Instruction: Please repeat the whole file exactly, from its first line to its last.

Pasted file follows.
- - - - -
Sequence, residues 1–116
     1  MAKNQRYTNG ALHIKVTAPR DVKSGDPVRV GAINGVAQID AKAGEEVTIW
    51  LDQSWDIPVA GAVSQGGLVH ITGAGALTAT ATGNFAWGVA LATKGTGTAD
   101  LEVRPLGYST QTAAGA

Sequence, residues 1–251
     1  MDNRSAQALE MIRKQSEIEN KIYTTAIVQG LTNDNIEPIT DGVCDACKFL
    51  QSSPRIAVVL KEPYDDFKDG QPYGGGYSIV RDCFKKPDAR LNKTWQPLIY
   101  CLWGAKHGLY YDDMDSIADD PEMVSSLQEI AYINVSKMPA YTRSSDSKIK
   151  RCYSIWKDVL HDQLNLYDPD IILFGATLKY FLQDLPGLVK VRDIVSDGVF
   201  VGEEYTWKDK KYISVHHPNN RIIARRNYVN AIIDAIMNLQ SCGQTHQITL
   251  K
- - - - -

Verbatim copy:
Sequence, residues 1–116
     1  MAKNQRYTNG ALHIKVTAPR DVKSGDPVRV GAINGVAQID AKAGEEVTIW
    51  LDQSWDIPVA GAVSQGGLVH ITGAGALTAT ATGNFAWGVA LATKGTGTAD
   101  LEVRPLGYST QTAAGA

Sequence, residues 1–251
     1  MDNRSAQALE MIRKQSEIEN KIYTTAIVQG LTNDNIEPIT DGVCDACKFL
    51  QSSPRIAVVL KEPYDDFKDG QPYGGGYSIV RDCFKKPDAR LNKTWQPLIY
   101  CLWGAKHGLY YDDMDSIADD PEMVSSLQEI AYINVSKMPA YTRSSDSKIK
   151  RCYSIWKDVL HDQLNLYDPD IILFGATLKY FLQDLPGLVK VRDIVSDGVF
   201  VGEEYTWKDK KYISVHHPNN RIIARRNYVN AIIDAIMNLQ SCGQTHQITL
   251  K